How many children, if given the opportunity would turn themselves into birds?

On the train:
                               Do you have the time?


                    She takes out her Ashbery PDA

                              In October, the sunset trappers made a mint.

                               Damn-I'm late. Thanks!


One night, when the sidewalks are lunar, I walk. The Japanese maples that line
          the avenue are like marble nerve nets. They were a gift to the city from
          the Emperor, so during the war there was a campaign to have them
          destroyed. But what about German shepherds? people asked. But what
          about Italian ice? Would we bother to ask, today? The blossom-filled air
          makes my eyes itch. I think it's fine that we can't see at the subatomic
          level-or else I wouldn't leave my bed. And I'm happy I don't have
          infrared vision. It's best we leave the hard looks to bats, children and barn
          owls. I see a cane leaning against the park's iron fence. There's a story
          there-probably not a happy one. It's good that I'm walking alone, or I
          would worry. It's good that no one knows that I'm not home. This way, if
          someone calls my name I'll know how to answer. I'll bark like one of those
          bats with puppy faces. I live too close to downtown to see more than a
          few stars, a few planets. But I don't hear the worms, those fingers, those
          souls; I don't hear their complaints. Thin light films the park.


Dark storage.

Scientists in India are helping me to find my lost cat. They're building nanos
          that will collapse quantum mechanics. I'll be able pause in any time.
          Here, Kitty, Kitty.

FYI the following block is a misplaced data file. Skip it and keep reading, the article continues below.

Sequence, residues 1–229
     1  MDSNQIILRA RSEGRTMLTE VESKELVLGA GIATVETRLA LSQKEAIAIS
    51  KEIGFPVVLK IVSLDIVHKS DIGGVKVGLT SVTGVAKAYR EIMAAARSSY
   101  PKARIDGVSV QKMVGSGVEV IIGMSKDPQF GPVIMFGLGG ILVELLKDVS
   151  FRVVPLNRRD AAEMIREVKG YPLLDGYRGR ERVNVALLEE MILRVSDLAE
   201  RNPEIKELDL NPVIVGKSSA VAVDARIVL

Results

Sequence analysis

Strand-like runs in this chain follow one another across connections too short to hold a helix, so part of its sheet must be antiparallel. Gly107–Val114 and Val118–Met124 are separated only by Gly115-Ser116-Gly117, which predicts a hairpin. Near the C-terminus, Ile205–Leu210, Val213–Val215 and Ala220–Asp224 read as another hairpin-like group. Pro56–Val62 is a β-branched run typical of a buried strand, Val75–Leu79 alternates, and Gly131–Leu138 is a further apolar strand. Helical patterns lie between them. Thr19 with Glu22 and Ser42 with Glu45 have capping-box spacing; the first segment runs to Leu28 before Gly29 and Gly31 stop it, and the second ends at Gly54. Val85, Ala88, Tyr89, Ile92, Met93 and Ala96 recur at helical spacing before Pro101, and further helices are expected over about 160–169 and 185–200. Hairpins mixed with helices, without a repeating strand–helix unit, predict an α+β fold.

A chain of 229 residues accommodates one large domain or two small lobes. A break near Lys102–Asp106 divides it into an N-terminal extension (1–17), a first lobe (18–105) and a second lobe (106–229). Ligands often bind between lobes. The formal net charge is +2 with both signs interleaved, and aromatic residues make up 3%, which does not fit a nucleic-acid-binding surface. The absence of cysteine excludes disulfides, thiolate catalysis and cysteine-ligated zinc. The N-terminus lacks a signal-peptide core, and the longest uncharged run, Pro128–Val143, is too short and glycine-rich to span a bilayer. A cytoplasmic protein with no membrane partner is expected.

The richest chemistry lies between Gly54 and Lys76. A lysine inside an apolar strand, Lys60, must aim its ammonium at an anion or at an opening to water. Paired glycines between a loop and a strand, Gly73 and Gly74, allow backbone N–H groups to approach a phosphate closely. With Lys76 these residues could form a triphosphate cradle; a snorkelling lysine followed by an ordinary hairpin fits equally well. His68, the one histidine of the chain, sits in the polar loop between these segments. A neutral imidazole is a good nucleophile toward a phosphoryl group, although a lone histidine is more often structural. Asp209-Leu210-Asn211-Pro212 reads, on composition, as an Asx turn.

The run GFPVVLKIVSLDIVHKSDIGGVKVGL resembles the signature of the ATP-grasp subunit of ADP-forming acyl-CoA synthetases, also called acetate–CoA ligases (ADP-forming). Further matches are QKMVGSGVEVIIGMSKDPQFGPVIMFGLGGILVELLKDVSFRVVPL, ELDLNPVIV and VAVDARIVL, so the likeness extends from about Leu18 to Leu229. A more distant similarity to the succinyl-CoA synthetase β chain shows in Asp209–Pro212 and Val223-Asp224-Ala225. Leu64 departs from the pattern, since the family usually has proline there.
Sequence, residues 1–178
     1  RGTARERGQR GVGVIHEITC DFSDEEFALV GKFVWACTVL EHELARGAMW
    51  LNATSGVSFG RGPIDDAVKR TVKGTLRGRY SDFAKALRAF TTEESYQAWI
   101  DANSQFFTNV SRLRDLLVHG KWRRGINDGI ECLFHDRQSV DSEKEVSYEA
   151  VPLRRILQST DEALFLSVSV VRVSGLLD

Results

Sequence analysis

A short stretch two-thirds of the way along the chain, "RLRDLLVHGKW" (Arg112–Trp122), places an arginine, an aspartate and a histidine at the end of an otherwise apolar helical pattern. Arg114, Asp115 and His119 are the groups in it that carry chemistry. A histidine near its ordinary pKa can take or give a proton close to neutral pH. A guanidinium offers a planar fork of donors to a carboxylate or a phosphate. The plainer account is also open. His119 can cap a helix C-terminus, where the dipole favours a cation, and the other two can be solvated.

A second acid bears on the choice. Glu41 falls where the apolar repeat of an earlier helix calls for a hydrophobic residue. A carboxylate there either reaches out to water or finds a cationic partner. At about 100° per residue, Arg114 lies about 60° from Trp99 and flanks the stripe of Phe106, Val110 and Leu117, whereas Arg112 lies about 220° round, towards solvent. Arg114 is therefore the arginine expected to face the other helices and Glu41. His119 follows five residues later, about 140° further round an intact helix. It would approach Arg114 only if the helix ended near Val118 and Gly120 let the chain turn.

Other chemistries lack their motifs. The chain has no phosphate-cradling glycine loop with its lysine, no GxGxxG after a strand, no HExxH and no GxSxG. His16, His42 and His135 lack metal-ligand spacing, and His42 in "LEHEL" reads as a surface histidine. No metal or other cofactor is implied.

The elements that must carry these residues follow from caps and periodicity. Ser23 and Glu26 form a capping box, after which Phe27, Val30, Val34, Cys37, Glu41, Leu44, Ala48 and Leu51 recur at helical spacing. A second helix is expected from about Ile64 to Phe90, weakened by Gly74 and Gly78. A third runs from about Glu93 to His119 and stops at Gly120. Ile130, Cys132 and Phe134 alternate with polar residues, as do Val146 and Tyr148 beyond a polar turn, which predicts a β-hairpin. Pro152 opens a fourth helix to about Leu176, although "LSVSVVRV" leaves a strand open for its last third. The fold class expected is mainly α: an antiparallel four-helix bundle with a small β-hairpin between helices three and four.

Thin light limns the park. Spooky steam leaks out of grates like movie adverbs.
          One thing after another, that's life, says Echo. Walking this way, mind
          like an outline escaping it's single page, is a form of prayer. An owl tips off
          the lexicographer. My foot finds a plastic bottle. I pick it up to toss it in a
          trash can or leave it on a bench, easier for the collector, but think about
          putting something in it, too. A note-a poem-a fortune-advice-a
          joke-a sardine tin-a phone number-a clipper ship. A whale is not a
          fish, Captain. I toss it into the pond. Bad citizen. The water's sarabande
          can make you shudder, can make you weep. It's not our fault, we're built
          for sorrow-why it's all that I can do not to wade in and reactivate my gills
          and swim down, flicker my tail and fins and slide into the mud and bury
          myself in the burnt ochre mud, until spring.


You know the story. The young princess rides her carriage to the glassblower's
          hut and finds that the man is old and, well, unfortunate in the looks
          department- like a rhino with alligator skin. How lovely is god, she
          thinks, that this hideous ogre is endowed with the lips and lungs and soul
          of an angel. He can breathe life into sand. They kiss. They marry. They
          ascend. The taikonauts in Space Station Li Po blow up asteroids in their